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    \$\begingroup\$ I have to agree with SevenSidedDie. My players already met several foe that would have killed them easy (Cloud giant against 5 level 1... a weretiger when they had no magic weapon and little to not spells...) Both were good and part of the campaign at large. \$\endgroup\$ – Alexis Wilke Feb 13 '15 at 6:30
  • \$\begingroup\$ I agree with previous fellow commenters. Even current modules like 'Hoard of the Dragon Queen' feature encounters that are too difficult for players and not designed to be won or engaged in in the first place. \$\endgroup\$ – Eric Feb 13 '15 at 10:34
  • \$\begingroup\$ Edited in light of consensus in comments. \$\endgroup\$ – Bailey Feb 13 '15 at 15:41

You don't need a reason for the party not to kill the dragon. What you need is some motivation for the dragon not to kill the party. After all, based on what you've described, you've got an angry ancient dragon that could just squash the PCs like bugs if it wanted — there has to be some pretty good reason for it to hold back from doing so.

Once you figure out why the dragon wants to keep the PCs alive, everything else falls into place. Sure, if your players are such total murderhobos as you describe, the may well decide to attack the dragon — but if the dragon is also as powerful as you describe, it really makes no difference. The worst they could do is piss off the dragon — but in the scenario you describe, the dragon is already pissed off anyway, and only holding back because it wants something else from the PCs than their lives.

The way I see this encounter going, the players will most likely attack the dragon, or at least try to. The dragon will then use its breath attack to paralyze the PCs, or disable them by some other means. Once the PCs are properly subdued, the dragon will then patiently explain to the PCs what a bunch of idiots they are (feel free to roleplay this part — you know you want to) and that they should all be dead at this point, but for one thing...

Of course, the tricky part is coming up with a good reason for the dragon to actually need the PCs alive for some purpose. Of course, an obvious (and therefore somewhat cliché) reason is that the dragon wants the players to perform some service (quest!) for itself, but ideally, it really should be something that the dragon cannot just as easily a) do itself, or b) get a smarter and/or more obedient bunch of adventurers to do equally well.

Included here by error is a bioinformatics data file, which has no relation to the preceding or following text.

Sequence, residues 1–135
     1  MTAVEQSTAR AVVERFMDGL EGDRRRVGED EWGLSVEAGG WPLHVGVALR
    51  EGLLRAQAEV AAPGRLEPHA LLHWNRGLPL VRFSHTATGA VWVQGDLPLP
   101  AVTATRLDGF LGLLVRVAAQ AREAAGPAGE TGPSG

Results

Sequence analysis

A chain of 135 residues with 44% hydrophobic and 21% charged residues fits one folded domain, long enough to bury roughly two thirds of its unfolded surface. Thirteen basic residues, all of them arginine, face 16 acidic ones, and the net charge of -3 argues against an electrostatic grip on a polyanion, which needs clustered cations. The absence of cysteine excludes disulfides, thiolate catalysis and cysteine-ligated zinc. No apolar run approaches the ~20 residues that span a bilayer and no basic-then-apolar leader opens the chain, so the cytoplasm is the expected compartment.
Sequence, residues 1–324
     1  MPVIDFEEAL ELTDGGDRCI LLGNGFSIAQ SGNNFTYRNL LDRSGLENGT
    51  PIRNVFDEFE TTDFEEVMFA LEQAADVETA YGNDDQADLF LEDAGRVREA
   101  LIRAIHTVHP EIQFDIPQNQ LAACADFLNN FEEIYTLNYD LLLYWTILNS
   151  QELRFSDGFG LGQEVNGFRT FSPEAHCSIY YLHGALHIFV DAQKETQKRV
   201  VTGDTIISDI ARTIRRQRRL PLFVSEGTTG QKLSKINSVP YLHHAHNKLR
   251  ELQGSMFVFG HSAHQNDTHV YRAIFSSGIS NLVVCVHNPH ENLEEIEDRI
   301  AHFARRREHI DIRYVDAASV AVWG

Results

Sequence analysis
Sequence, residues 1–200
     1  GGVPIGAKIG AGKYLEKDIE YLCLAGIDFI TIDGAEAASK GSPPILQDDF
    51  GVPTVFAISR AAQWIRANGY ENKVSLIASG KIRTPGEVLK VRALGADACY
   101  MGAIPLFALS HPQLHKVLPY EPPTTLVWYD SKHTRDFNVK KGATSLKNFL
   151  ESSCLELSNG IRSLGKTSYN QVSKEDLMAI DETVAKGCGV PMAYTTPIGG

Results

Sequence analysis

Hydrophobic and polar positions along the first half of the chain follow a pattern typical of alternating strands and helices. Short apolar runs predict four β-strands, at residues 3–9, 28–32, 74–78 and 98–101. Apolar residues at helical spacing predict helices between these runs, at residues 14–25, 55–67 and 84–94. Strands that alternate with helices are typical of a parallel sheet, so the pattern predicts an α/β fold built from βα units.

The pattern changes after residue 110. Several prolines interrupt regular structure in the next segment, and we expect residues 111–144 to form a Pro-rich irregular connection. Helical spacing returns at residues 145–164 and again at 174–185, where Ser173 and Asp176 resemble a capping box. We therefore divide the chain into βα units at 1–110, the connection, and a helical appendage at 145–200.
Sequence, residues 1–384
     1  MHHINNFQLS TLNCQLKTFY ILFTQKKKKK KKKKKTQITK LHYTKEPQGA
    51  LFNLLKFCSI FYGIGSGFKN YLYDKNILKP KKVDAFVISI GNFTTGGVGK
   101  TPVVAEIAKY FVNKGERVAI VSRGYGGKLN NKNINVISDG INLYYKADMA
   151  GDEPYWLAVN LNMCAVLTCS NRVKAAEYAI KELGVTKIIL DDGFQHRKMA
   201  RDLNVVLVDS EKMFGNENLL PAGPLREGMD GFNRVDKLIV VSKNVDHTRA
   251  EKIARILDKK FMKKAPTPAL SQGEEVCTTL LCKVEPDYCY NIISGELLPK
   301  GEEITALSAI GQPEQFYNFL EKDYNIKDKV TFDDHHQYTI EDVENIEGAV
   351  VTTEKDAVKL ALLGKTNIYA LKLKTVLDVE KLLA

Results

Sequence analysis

Here, I would like to draw your attention to the expressions "cat's paw" and "plausible deniability". Whatever the dragon wants the PCs to do, it could be something that the dragon does not want to be personally involved in, and ideally something that is reasonably in character for the PCs to do on their own (i.e. probably killing something and stealing its loot). It also makes perfect sense for the reason (and possibly the entire mission) told to the PCs to be something more or less completely different from the actual reason the dragon wants the PCs to be involved — most likely to their detriment. But that's for the players to find out later (all in the name of fun and a good adventure, of course).

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    \$\begingroup\$ Dragons are also alien intelligences with alien motives. It might just be degrading to the Silver to resort to killing helpless children such as the PCs. \$\endgroup\$ – SevenSidedDie Feb 13 '15 at 18:47
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    \$\begingroup\$ Silvers are also the most friendly toward humanoids. \$\endgroup\$ – David Wilkins Feb 13 '15 at 19:53
  • \$\begingroup\$ That too. But +1 anyway, since this took the words out of my mouth. Er, keyboard. Something. +1. \$\endgroup\$ – SevenSidedDie Feb 13 '15 at 20:54

I can tell you what I have done in the past.

First of all I always made sure that players knew that there are things in the world that they can't fight, at least now. Hence my job in this case was easier.

Secondly Evil doesn't mean necessarily kill on sight. Often Evil can mean someone who has bad intentions, wants bad results, but will kill when/if needed (as opposed to enjoying killing).

So here are a few things that you can do. First of all you can have that dragon attack something first that party knows is way more powerful than they are, and destroy it. Then it turns its attention on the party, basically saying "NOW IT'S YOUR TURN", while taking a deep breath. It's then up to your players to think fast as to what to say before they get fried.

Secondly you can have the dragon fly in, breathe around the party, land, and yell/threaten. If anybody does anything stupid, like attack, have the dragon in one turn knock that character down (remember you are the DM, do what is good for the story even if rules don't allow it). This way you establish the power of the Dragon without actually killing anybody.

Ultimately though remember that this is up to your players. If they insist on doing something stupid, kill them. Next time your game will be more enjoyable as your players will know that TPK is a possibility. In my experience when players know that there is a good chance of death they pay attention far more to what they do.

  • \$\begingroup\$ Up voting because no one previously mention a "display of power" like this before \$\endgroup\$ – David Wilkins Dec 4 '15 at 23:25